The Cliffs of Moher (Irish: Aillte an Mhothair)[1] are located at the southwestern edge of the Burren region in County Clare, Ireland.[2][3] They rise 120 metres (390 ft) above the Atlantic Ocean at Hag's Head and reach their maximum height of 214 metres (702 ft) just north of O'Brien's Tower, eight kilometres to the north.[4] A round stone tower near the midpoint of the cliffs was built in 1835 by Sir Cornelius O'Brien.[2][5] From the cliffs and from atop the tower, visitors can see the Aran Islands in Galway Bay, the Maumturks and Twelve Pins mountain ranges to the north in County Galway, and Loop Head to the south.[5] The cliffs rank amongst the most visited tourist sites in Ireland[6] and receive approximately one million visitors a year.[7] The closest settlements are Liscannor (6 km south) and Doolin (7 km north).


The Famous Galway Hooker: 

The Galway hooker (Irish: húicéir) is a traditional fishing boat used in Galway Bay off the west coast of Ireland. The hooker was developed for the strong seas there. It is identified by its sharp, clean entry, bluff bow, marked tumblehome and raked transom. Its sail plan consists of a single mast with a main sail and two foresails. Traditionally, the boat is black (being coated in pitch) and the sails are a dark red-brown.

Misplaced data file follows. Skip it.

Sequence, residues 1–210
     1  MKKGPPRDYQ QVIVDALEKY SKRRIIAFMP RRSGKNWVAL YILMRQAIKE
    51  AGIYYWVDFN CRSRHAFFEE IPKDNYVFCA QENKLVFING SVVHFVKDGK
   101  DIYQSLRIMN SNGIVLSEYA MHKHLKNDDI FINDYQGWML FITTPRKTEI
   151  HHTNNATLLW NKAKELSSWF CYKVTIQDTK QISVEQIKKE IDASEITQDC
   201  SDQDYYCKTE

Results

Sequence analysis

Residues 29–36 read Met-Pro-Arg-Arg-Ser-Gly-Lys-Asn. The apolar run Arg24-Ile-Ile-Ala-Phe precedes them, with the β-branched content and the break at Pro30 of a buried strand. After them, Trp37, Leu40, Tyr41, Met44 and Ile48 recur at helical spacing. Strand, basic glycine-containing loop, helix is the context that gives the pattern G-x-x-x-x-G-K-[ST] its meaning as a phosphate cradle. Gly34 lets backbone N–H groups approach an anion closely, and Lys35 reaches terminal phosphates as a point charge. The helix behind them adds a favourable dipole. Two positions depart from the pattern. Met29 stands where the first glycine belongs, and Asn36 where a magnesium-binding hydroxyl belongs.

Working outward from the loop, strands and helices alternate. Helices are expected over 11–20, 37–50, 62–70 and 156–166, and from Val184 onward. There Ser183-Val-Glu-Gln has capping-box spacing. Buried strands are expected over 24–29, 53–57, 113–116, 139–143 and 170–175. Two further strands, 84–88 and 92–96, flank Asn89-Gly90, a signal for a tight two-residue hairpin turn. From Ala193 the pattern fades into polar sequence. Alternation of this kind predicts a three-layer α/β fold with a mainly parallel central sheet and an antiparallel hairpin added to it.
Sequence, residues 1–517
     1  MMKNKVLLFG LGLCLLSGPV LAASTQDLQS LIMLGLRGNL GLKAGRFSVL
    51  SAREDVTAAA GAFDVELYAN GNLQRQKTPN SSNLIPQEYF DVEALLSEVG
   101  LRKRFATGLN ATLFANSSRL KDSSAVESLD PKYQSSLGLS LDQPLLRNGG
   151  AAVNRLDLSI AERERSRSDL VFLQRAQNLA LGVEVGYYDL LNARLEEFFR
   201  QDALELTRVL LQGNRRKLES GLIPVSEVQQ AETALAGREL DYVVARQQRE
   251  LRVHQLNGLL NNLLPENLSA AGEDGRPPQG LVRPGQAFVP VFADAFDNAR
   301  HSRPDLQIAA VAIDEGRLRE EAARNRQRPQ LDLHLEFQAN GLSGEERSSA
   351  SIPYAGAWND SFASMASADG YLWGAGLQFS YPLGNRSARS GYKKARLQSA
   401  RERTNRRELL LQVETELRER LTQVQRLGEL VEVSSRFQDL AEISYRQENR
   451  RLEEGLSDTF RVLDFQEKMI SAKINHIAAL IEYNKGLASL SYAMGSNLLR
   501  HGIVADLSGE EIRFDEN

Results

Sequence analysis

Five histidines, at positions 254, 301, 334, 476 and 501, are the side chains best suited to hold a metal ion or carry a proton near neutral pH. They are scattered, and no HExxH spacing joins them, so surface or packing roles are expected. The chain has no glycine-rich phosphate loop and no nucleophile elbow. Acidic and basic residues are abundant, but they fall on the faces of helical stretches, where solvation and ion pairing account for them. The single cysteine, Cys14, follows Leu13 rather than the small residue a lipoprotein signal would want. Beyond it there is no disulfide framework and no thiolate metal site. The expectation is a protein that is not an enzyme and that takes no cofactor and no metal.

Recently there has been a major revival, and renewed interest in the Galway hooker, and the boats are still being painstakingly constructed. The festival of Cruinniú na mBád is held each year, when boats race across Galway Bay from Connemara to Kinvara on the Galway/Clare county boundary.




The Fishing Industry on the West Coast of Ireland.

This is an ORIGINAL copy of the print or illustration and is from the  Graphic's edition of the 27th February 1892.


The Graphic was a British weekly illustrated newspaper, first published on 4 December 1869 by William Luson Thomas's company Illustrated Newspapers Limited.

The influence of The Graphic within the art world was immense, its many admirers included Vincent Van Gogh, and Hubert von Herkomer.[1]

It continued to be published weekly under this title until 23 April 1932 and then changed title to The National Graphic between 28 April and 14 July 1932; it then ceased publication after 3,266 issues. From 1889 Luson Thomas's company, H. R. Baines and Co. published The Daily Graphic.




The Illustrated London News was the world's first illustrated weekly news magazine; its inaugural issue appeared on Saturday, 14 May 1842. The magazine was published weekly until 1971, and less frequently thereafter. Publication ceased in 2003. The company continues today as Illustrated London News Ltd., a publishing, content and digital agency in London, England. The publication and business archives of The Illustrated London News and the Great Eight Publications are held by Illustrated London News Ltd.